BRAVE is an acronym for the CBT anxiety management strategies covered in the program. Each letter refers to a different strategy. Child sessions focus on the acquisition of these strategies throughout the program
Relax: a method for calming down one’s body signs through the use of progressive muscle relaxation, guided imagery, or deep breathing.
Activate helpful thoughts: training in coping self-talk and cognitive restructuring.
Victory over fears: incorporating strategies for overcoming fears by using graded exposure and problem solving.
Enjoy yourself: training the child and parent in positive reinforcement and self reward.
BRAVE-ONLINE was designed for children (age 8-12) and adolescents (age 13-17) experiencing Separation Anxiety Disorder, Social Phobia, Specific Phobia and Generalised Anxiety Disorder. The material can be tailored by the therapist to meet the needs of the individual young person.
The program contains examples relating to all of these anxiety disorders and a wide range of anxiety-provoking situations. Thus, during the program, it is likely that the young person will be exposed to examples relevant to their anxiety. In weekly feedback emails, the therapist is able to assist the young person, and their parent(s), to tailor the anxiety management strategies for their specific type of anxiety. Graded exposure forms a significant component of BRAVE-ONLINE and the therapist spends a substantial amount of time ensuring that the young person creates and implements an exposure hierarchy suitable to their individual type of anxiety.
Parents Partner with Your Child
Parent sessions are designed to accompany the material covered in the child (age 8-12) and teen (age 13-17) programs. Sessions focus on psychoeducation about child anxiety, contingency management, relaxation training, and information about cognitive restructuring, graded exposure and problem solving. As such, the parent receives training in anxiety management strategies and is empowered to help his or her child acquire and use the skills learned in the program, and to manage situations in which his or her child becomes anxious. Both mothers and fathers are able to complete the parent sessions together or independently.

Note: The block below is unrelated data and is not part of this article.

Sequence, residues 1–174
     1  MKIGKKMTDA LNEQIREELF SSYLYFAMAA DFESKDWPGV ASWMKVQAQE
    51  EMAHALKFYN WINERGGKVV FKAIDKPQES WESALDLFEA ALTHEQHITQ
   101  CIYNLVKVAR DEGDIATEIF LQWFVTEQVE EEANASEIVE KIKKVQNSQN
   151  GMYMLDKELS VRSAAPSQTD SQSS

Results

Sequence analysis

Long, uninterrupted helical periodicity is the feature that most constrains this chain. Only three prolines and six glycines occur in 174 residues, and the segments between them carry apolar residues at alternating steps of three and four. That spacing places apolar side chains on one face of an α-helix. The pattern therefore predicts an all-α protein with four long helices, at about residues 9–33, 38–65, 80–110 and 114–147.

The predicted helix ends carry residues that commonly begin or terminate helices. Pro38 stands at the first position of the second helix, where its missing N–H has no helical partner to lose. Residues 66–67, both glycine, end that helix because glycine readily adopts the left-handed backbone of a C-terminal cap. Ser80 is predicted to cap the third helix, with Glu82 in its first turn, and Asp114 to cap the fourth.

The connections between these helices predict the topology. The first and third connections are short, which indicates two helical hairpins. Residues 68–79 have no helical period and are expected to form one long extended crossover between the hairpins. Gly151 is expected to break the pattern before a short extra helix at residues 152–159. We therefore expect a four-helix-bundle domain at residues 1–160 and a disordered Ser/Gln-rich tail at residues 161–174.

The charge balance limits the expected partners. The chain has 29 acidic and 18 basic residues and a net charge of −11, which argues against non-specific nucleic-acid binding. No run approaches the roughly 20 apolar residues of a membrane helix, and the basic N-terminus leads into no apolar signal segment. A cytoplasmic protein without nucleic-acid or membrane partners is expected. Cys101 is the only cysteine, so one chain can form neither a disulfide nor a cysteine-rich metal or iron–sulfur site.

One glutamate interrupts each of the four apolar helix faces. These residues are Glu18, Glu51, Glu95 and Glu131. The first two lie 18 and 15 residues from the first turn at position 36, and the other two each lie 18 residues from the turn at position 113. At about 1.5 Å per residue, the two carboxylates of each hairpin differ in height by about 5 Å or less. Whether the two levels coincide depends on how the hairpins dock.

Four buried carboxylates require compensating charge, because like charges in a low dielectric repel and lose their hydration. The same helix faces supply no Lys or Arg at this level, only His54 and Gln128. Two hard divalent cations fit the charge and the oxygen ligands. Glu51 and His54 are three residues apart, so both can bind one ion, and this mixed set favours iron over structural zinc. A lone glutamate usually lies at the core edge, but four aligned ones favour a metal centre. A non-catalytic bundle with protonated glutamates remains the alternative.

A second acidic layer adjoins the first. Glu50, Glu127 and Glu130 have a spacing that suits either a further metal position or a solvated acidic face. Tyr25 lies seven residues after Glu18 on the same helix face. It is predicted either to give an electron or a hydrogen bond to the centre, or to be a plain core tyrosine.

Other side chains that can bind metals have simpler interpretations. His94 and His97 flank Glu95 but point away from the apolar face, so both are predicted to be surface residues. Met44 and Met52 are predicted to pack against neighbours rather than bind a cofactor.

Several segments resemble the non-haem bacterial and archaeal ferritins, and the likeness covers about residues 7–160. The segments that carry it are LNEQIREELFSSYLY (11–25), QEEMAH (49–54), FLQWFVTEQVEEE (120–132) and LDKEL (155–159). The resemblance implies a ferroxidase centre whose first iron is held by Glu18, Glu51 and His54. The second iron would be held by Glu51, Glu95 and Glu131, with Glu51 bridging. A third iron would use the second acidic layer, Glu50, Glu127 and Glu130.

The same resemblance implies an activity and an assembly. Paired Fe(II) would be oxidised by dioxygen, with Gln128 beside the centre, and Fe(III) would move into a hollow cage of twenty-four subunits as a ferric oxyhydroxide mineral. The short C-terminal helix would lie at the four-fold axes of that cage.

Ideally, the parent and young person will complete BRAVE in tandem; however, BRAVE can be completed by just an adult or just a young person, if you so choose.
BRAVE-ONLINE sessions are intended to be completed once per week, and are accessed in a prescribed order and rate. That is, children and parents can only progress through their sessions in a particular order, and are only able to access the next session 7 days following their completion of the previous session. A 7-day interval allows participants sufficient time to implement and practise skills before progressing to the next session that builds upon previous skills, thus maximising treatment effectiveness.
At the end of each session, children and parents are assigned homework tasks to be completed before the next session. On most occasions, children and parents are required to print off a worksheet to assist them with their homework task over the week. At the beginning of the following session, children and parents are then asked to enter a written account of their homework task, and describe any difficulties experienced with the tasks. As will be discussed in the following sections, the online therapist is then able to respond to these reports via email and offer reinforcement, encouragement and assistance where required.
BRAVE RCTs: Randomised Control Trials (RCT)
- Donovan, CL; March, S; Spence, S. (2008). The efficacy of an internet-based cognitive-behavioral therapy intervention for child anxiety disorders. Journal of Pediatric Psychology 34(5):474-87 Read More
- Donovan, CL; Kenardy, J; March, S; Spence S. (2011). A randomized controlled trial of online versus clinic-based CBT for adolescent anxiety, Journal of Consulting and Clinical Psychology, 79(5) Read More
- Holmes, JM; Lipp, OV; March, S; Spence, S. (2006). The feasibility and outcome of clinic plus internet delivery of cognitive-behaviour therapy. Journal of Consulting and Clinical Psychology, 74(3), 614-621 Read More
- Donovan, CL and March, S. (2004). Online CBT for preschool anxiety disorders: A randomised control trial, Behaviour Research and Therapy 58C:24-35 Read More
To view more RCTs, please click here.